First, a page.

What Is Marketing?

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Marketing is the act of getting customers to want your products or services. It starts at the product development stage when you design offerings to meet the needs of the audience you want to attract. It continues once your products or services hit the market, as you devote resources towards letting people know that they're available and educating potential customers about reasons to buy.

Marketing doesn't stop once your customers have made their purchases. Following up and responding to concerns and feedback are parts of the process as well. If you do that diligently, you increase the odds that your customers will continue to support you in the future, and may even help your cause with word-of-mouth marketing.

Definitions of Marketing

Because marketing covers so many aspects of your company's operations, there is no single standard definition. Merriam Webster defines it as, " the process or technique of promoting, selling and distributing a product or service." The American Marketing Association describes it as, "the activity, set of institutions and processes for creating, communicating, delivering and exchanging offerings that have value for customers, clients, partners and society at large." The digital strategist Doreen Moran defines it simply as follows: "Marketing is helping your customers understand how much they need something they never knew they needed."

The fact that there are so many different definitions does not mean that there is disagreement about what marketing means or how it works. Rather, the marketing process is complex and multi-faceted, and each of these definitions contributes something to an overall understanding.

What Is a Marketing Strategy?

Businesses that take their marketing seriously develop coordinated strategies integrating the many elements of the process. Developing a marketing strategy is a way to think through your big picture objectives and then align your daily marketing activities with this vision. A marketing strategy should include ideas for branding or taking ownership of the ways your products and your company are perceived and identified. It should also include a marketing budget which outlines how you will spend your marketing resources, and specifies the tangible outcomes you expect your investment to yield. Your overall strategy should include substrategies for marketing through different channels, such as social media, email newsletters and fostering word-of-mouth marketing.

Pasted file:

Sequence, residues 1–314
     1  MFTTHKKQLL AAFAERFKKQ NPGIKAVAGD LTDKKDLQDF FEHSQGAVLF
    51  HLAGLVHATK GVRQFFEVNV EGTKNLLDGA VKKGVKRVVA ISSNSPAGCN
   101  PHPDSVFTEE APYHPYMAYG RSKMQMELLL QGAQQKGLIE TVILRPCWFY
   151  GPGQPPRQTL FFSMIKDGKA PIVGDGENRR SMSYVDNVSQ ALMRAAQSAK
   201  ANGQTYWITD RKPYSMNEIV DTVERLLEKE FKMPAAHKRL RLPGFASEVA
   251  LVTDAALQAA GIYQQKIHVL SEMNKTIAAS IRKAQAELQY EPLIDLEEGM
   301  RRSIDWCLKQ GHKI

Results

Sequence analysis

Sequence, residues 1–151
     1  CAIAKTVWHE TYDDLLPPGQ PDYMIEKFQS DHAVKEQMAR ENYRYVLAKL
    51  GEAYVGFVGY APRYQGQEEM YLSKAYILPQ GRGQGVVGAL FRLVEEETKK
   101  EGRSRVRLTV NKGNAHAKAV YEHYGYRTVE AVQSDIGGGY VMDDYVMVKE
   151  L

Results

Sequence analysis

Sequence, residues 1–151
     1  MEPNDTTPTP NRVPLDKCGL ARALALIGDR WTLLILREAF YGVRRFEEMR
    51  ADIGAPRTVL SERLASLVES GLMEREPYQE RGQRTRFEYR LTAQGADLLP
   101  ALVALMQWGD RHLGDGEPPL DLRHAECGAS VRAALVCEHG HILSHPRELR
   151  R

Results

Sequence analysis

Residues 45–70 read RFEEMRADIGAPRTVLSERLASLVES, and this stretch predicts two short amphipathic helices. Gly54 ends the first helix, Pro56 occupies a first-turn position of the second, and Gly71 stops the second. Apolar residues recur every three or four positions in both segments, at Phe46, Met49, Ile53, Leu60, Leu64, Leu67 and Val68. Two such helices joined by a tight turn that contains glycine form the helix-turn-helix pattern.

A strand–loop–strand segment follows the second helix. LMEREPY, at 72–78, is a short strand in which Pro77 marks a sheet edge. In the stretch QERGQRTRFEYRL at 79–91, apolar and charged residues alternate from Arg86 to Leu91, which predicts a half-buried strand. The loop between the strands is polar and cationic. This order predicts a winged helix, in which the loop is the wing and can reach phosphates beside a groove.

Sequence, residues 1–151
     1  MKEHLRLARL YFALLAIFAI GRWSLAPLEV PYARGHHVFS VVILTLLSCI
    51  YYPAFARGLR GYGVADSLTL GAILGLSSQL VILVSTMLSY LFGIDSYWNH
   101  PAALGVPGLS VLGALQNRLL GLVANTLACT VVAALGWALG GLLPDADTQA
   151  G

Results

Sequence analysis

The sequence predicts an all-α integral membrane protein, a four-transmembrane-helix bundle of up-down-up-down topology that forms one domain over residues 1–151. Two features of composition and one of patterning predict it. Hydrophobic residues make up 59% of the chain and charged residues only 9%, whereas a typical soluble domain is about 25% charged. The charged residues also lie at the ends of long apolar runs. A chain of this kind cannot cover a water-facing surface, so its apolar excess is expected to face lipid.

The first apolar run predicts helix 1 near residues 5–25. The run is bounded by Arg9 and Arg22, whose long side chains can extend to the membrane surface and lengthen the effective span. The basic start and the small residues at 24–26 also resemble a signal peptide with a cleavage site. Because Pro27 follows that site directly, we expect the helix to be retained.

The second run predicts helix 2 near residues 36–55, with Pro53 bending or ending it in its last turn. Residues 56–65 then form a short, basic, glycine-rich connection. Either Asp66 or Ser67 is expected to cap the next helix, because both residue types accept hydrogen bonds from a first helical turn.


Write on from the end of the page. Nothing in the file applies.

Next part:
Marketing Tips for Small Businesses

Build a marketing strategy that makes sense for your product and your business. If you earn most of your revenue through face-to-face relationships and plan to keep things that way, use your in-person interactions to communicate and build awareness of your brand. If your products are quirky, build a quirky and surprising advertising campaign. If your offerings are targeted towards knowledgeable and detail-oriented professionals, make sure your marketing materials are created with meticulous attention to detail.

Although it helps to have a marketing budget, you can do plenty of heavy lifting without spending a penny. Use social media cleverly and often. Think carefully about what makes customers want to buy your products, and organize your business and your presentation to emphasize those features. For example, if you own a cookie business that makes a homey product, orchestrate your baking so your shop will smell like freshly baked cookies for as much of the day as possible.

References

About the Author

Devra Gartenstein founded her first food business in 1987. In 2013 she transformed her most recent venture, a farmers market concession and catering company, into a worker-owned cooperative. She does one-on-one mentoring and consulting focused on entrepreneurship and practical business skills.